Some analysts and observers believe that the recent activity in the tech sector—the resignation of Larry Ellison, SAP buying Concur, the purchase of Minecraft by Microsoft—suggests a top in the tech space.
However, Scott Kupor, COO at Andreessen Horowitz, says these events are not a peak, but actually the beginning of a long "revolution" in the enterprise end of technology.
"I think the way to read the enterprise stuff is to realize that we're at the very, very beginning of the cusp of the enterprise revolution in technology," says Kupor. "M&A in particular has not been that strong so far. So I think the SAP, Concur deal is going to set off quite a bit of M&A activity in the broader enterprise space."
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When asked about the recent dip in price of Alibaba, Kupor attributes it to "a bit of a macro issue rather than something specific to tech or Alibaba in particular."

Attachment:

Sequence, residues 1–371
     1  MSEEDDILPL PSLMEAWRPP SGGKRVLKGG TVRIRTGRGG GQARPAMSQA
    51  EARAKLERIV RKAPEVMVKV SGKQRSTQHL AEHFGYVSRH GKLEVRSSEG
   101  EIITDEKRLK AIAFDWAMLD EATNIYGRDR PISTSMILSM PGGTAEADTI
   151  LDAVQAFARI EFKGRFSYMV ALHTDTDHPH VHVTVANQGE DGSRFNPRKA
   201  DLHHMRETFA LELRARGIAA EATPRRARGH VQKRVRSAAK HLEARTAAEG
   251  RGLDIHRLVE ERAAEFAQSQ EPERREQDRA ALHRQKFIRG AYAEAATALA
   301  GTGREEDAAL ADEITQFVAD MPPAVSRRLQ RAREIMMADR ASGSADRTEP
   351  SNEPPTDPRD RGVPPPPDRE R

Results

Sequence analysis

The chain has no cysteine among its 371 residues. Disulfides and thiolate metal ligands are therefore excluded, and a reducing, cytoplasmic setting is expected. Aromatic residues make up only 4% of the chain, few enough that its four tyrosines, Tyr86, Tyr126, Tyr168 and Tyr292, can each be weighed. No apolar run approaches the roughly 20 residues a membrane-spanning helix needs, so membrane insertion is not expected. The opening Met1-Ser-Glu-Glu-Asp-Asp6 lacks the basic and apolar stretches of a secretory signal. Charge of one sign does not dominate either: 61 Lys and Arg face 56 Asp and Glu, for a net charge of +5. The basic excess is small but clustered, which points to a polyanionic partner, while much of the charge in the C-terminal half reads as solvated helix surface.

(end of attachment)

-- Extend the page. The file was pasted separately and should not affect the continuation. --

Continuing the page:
Alibaba represents a "culmination of a long winter of consumer internet companies," he said. After the bubble in 2000, Kupor stated that people thought "nothing interesting was going on in consumer internet."
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However, during that time Alibaba was started in 1999 followed by LinkedIn, Facebook and Twitter in 2004. The recent public offerings of these companies signal a new beginning in tech, Kupor said.
"If you look at what's happened from 2012 starting with the Facebook IPO and now through to Alibaba...I think most people would agree that the economics of the consumer internet is vastly superior to what people thought they were," he said.
While Kupor acknowledges the fact that there are indeed asset bubbles, he thinks bubble fears are mostly overblown. "These things can run for quite a long time. The acquisitions that you saw last week is really a precursor to a lot of activity that you are going to see in the enterprise side."
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